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From Wikipedia, the free encyclopedia

A tagline is a variant of a branding slogan typically used in marketing materials and advertising. The idea behind the concept is to create a memorable phrase that will sum up the tone and premise of a brand or product (like a film), or to reinforce the audience's memory of a product. Some taglines are successful enough to warrant inclusion in popular culture.

Examples of famous movie/television taglines are:

See also


  1. ^ a b Mooallem, Jon (2004-02-29). "How movie taglines are born". Boston Globe. Retrieved 2008-02-17. "the seminal tagline for The Fly ("Be Afraid. Be Very Afraid.") [...] "Just when you thought it was safe to go back in the water . . ." (Who remembers that the line promoted "Jaws 2," not the original?)" 
  2. ^ "Sands of Oblivion: Some Secrets Should Never be Unearthed!". Horror Year Book. 2008-02-07. Retrieved 2008-02-17. "That may be the second most over used tagline after “In space no one can hear you scream.”"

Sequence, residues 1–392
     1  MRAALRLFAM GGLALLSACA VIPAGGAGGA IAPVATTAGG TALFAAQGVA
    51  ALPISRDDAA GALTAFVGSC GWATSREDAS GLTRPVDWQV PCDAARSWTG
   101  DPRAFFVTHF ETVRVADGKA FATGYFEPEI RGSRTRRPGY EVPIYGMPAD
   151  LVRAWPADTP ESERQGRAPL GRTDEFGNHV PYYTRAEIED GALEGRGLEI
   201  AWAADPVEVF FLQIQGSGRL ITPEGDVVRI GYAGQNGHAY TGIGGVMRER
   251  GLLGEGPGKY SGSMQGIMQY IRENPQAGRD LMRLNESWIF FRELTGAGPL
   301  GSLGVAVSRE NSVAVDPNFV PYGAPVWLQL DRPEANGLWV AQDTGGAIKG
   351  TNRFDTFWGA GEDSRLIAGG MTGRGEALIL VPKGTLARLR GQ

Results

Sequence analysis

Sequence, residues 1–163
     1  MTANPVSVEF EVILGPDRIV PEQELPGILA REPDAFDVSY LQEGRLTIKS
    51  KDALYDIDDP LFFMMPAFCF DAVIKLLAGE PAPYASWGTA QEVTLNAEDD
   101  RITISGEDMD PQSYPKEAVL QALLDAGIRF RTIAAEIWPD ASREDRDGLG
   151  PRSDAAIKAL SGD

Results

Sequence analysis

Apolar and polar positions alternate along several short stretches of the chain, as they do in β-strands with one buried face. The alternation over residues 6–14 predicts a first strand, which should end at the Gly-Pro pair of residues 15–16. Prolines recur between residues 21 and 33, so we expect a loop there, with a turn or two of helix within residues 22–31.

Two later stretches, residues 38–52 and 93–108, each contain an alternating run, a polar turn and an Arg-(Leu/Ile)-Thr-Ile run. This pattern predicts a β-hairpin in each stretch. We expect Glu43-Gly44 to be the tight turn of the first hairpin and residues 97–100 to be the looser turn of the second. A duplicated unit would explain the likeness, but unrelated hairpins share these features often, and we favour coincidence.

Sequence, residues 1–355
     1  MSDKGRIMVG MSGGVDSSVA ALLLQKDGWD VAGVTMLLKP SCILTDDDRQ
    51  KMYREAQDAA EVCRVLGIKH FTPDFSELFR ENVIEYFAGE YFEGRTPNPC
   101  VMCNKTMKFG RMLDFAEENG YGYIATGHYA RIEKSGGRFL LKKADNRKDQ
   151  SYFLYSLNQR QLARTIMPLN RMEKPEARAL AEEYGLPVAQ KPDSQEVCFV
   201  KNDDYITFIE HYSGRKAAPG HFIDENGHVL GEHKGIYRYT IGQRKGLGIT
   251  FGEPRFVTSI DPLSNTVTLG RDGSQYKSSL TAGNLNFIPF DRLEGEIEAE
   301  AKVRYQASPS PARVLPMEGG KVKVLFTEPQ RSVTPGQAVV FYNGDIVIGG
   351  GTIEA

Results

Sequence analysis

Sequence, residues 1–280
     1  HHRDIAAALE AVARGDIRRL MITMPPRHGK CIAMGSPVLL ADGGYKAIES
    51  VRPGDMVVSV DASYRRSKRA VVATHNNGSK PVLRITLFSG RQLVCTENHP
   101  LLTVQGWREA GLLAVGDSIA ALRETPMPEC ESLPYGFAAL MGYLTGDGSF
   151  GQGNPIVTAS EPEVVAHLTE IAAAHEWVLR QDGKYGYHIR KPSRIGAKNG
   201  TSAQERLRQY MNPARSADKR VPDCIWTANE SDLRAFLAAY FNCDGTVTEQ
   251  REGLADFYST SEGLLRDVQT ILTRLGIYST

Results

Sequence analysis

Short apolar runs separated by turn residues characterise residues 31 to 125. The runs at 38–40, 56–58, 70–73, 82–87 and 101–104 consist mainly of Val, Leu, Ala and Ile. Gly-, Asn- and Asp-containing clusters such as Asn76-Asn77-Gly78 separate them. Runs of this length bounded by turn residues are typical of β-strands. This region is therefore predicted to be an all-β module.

3. ^ Muir, Hazel (2006-03-14). "In space no one can hear you scream". New Scientist, issue 2542. Retrieved 2008-02-17. 
  4. ^ "Taglines for Star Wars (1977)". IMDb. Retrieved 2008-02-17. 
  5. ^ Erickson, Hal. "Love Story: MTV movies". Allmovie. Retrieved 2008-02-20. "The movie's tagline "Love means never having to say you're sorry" became an iconic American catchphrase" 
  6. ^ Sir, Paul (2007-04-21). "It’s heart warming to hear Dr Mahathir saying ‘I’m sorry’". The Borneo Post. Retrieved 2008-02-20. 
  7. ^ Abbott, Jerry (2008-02-13). "The meaning of true love". The Torrington Telegram. Retrieved 2008-02-20. "In 1970 the movie “Love Story” with Ali McGraw and Ryan O’Neal coined the phrase: “Love means never having to say you’re sorry.”" 
  8. ^ "Taglines for "Star Trek" (1966)". IMDb. Retrieved 2008-02-17. 
  9. ^ "Taglines for "The X Files" (1993)". IMDb. Retrieved 2008-02-17. 


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